Of course, with Gogoro, people might want to make good use of its all-you-can-ride plan, but that’ll only last for the first month. As your life returns to a normal pattern, you will consume energy how you usually consume it. So I don’t think it will create more traffic. However, we’ll make travel more fun. Each time you travel, you’re actually saving energy, because we’re four times more efficient [than traditional scooters].

TT: Does Gogoro deserve the name of Taiwan’s “Tesla on two wheels”?

Peng: It’s an easy way to describe a company that your friends do not know. Young people won’t buy the energy network concept, because it’s not sexy at all. However, they will buy cool products, because they bring fun to their lives. So we’re using a very cool and sexy product to get young people on board. Once they subscribe to our business model and own a Gogoro Smartscooter, they become contributors to a green way of life.

TT: Among Taiwan’s 13.5 million motorcyclists, what is your target clientele?

Peng: Even though we have an idea to change the world, it won’t happen overnight. We’ll be realistic. We aim to grab 30 percent of [existing] users today, who are tired of riding traditional scooters. Those who appreciate design and the value of technology will be the first wave of users of our technology. They will share the Gogoro experience — a greener, faster, sexier and smarter product, and a future vehicle with modern technology — with friends. All of these [features] packed together become a very good story.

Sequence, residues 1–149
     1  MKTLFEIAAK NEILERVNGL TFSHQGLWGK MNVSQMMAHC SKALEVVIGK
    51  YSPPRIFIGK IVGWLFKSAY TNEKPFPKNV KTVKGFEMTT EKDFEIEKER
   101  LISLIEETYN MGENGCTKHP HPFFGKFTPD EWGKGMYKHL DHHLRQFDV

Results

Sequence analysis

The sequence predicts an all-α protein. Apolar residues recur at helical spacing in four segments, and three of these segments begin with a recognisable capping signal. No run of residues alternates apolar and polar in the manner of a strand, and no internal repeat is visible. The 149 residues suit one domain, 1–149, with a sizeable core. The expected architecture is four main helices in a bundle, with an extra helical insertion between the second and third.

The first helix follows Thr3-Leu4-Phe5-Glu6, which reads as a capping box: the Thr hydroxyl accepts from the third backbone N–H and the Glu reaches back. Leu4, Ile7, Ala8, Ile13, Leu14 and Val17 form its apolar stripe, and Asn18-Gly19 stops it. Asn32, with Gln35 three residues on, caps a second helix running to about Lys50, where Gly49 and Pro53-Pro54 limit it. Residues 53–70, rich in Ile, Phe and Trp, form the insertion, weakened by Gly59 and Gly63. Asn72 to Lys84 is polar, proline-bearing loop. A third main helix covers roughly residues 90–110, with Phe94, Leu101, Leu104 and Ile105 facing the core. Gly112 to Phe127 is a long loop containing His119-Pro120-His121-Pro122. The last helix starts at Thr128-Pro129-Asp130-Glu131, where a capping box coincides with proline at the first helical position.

Maybe today, the starting price of Gogoro will be higher, because we’ve put in the latest technology and premium materials to build it. However, one day, if more people use it, we will be able to build the next generation, which might help lower the price.

We are trying to reshape the industry and give it a different voice. It is not about whether it is feasible [to effect change], it is more about whether we want to do it or not. If today I changed all traditional scooters into electric scooters, the weather in Taipei would be much better tomorrow.

TT: So what will your pricing strategy be?

Peng: Our strategy is to make sure it’s acceptable and affordable. Maybe you pay everything in one shot, but at a lower price, or you pay through a financing program. Or we use the energy to subsidize the scooter’s price, like the subscription plan of an iPhone. Since we are selling energy and electric scooters together, we can play around with these figures.